Flipping the Script on Team Conflict Research Assumptions
Monday, November 15, 2021
Conflict has long been thought to occur on a team level. Meaning that if conflict exists, every team member is affected by it. However, new research is turning that traditional thinking on its head. A paper co-authored by Carlson School of Management Associate Professor Pri Shah suggests answers lie at different levels.
“[Our findings] provide a new road map for how to do conflict research,” Shah said.
Published in Administrative Science Quarterly, Shah and her colleagues analyzed conflict within teams to better understand where conflict originates, how it evolves over time, and ultimately, affects team performance.
They completed a series of three studies: a qualitative study of conflict narratives shared by students enrolled in an executive management course; a longitudinal study of undergraduate students in a group project over the course of a semester; and a field study of employee teams at a Chinese electric bicycle manufacturer.
The research group categorized team conflict origins into four levels: individual (one person impacting others separately), dyad (conflict between two people), subgroup (conflict shared among three or more people), and team level (every team member is directly involved in the conflict).
The researchers determined team conflict is not uniform, shared, or static—a significant departure from longtime assumptions—and found conflict involving a whole team is rare. Instead, conflict more commonly starts at smaller levels within the team. Disagreement between two people is the most frequent point of origin. Experiences for each team member are also unique as they could be the instigator, a participant, or an observer of the conflict.
“I think the main takeaway [for managers] is you really have to have a good handle on knowing the social landscape of your team,” Shah said. “Understanding where conflict originates and how it evolves over time provides managers with an opportunity for more targeted conflict resolution.”
It also informs when managers may want to wait to intervene. Team performance saw a positive influence when task conflict originated from an individual or between two people, even though the other team members weren’t directly involved.
“That’s when you really get the benefit of having constructive controversy or diverging opinions and debate within your team,” Shah said.
For example, in a meeting of five people, there may be two individuals who start to take different sides on how to solve an issue. Their discussion then sparks a creative solution amongst the team, ultimately increasing the team’s overall performance. While only two people were involved in the conflict, the entire team experienced the benefit of the conflict. Research showed the same benefit did not exist when there was task conflict among all team members.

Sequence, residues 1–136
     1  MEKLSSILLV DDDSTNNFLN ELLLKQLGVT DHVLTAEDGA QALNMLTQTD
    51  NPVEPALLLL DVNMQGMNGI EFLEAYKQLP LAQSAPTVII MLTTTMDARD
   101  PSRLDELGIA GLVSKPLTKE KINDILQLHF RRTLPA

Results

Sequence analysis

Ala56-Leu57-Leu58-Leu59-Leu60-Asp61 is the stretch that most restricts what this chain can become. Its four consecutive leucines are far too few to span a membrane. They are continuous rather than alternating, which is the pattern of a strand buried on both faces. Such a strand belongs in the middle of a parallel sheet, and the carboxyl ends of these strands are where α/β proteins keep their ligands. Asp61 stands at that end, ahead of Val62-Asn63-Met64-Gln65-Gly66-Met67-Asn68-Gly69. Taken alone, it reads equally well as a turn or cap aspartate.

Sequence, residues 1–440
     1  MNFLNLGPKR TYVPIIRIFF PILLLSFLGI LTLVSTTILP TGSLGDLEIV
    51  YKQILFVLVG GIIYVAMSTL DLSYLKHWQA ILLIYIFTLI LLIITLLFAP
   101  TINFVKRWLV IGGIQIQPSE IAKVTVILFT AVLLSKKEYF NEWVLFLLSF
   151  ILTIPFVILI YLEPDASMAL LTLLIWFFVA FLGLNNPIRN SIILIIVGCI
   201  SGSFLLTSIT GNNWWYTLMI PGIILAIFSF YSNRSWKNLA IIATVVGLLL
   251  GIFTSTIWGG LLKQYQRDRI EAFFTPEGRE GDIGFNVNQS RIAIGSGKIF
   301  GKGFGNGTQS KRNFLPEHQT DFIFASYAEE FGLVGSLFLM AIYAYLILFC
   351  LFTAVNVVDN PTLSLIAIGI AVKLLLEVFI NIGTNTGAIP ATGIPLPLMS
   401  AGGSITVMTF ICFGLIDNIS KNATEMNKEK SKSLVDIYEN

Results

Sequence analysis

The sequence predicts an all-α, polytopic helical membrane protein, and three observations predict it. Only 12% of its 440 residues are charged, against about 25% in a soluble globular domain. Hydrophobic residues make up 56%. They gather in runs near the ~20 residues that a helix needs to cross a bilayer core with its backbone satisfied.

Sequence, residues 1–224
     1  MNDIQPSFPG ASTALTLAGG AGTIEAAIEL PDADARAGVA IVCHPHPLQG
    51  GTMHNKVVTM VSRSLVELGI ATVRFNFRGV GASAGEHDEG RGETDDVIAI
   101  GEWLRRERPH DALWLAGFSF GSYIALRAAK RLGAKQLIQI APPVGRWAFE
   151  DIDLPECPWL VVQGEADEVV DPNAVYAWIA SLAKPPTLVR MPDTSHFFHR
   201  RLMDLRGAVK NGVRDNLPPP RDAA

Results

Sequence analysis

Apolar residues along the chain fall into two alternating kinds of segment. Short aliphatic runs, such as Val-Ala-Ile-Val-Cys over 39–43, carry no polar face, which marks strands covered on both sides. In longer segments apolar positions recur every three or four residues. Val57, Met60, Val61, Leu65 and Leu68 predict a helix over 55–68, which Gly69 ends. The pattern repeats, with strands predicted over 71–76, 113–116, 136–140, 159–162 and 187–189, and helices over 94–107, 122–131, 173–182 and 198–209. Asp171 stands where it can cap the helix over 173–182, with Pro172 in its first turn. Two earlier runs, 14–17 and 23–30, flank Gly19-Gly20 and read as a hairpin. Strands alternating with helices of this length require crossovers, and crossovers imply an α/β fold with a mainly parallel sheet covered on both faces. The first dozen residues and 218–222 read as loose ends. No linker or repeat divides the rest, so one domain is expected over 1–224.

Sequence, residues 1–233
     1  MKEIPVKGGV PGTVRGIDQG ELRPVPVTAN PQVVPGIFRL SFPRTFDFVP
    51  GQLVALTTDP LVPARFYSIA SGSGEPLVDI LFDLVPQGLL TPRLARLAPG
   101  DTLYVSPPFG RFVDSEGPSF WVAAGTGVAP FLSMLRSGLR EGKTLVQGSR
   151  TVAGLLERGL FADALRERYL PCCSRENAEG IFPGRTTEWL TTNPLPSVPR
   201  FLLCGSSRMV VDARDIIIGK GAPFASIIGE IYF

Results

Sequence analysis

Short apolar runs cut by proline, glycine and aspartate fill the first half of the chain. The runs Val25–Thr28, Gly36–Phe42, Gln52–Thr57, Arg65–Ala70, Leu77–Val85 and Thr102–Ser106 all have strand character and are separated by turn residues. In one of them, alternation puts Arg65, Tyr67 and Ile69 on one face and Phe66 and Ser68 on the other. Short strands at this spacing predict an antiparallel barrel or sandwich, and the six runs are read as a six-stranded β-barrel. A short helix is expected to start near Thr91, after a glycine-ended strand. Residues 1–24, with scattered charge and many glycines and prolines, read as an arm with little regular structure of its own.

Surprisingly, the researchers found conflict tended to be “sticky” and persist where the conflict originated instead of the commonly held “bad apple” notion that it would spread over time and infect the entire team. While the cause of this remains unclear, Shah says this offers good news for managers.
“This means you have some time to diagnose where the conflict resides before trying to resolve the conflict. The conflict is likely to be contained to where it started and not diffuse quickly throughout the team,” said Shah.
The study’s overall findings flip the script on long-held ideas in conflict research, opening new pathways forward.
“Instead of looking at it as a team-level phenomenon, now we’re seeing there’s something within the dyadic relationship within the team when you’re looking at the conflict relationship,” she said. “And from that you can figure out what the configuration of conflict is within a team and see where it originates and how it evolves over time.”
“Things are Not Always What They Seem: The Origins and Evolution of Intragroup Conflict”
Ferguson, A.J., Jones, S.L., Peterson, R.S., and Shah, P.P., Administrative Science Quarterly, (2021 )
This article appeared in the Fall 2021 Discovery magazine
In this issue, Carlson School faculty research explores a new way to look at team conflicts, the future of artificial intelligence, and how pre-purchase information affects consumer buying.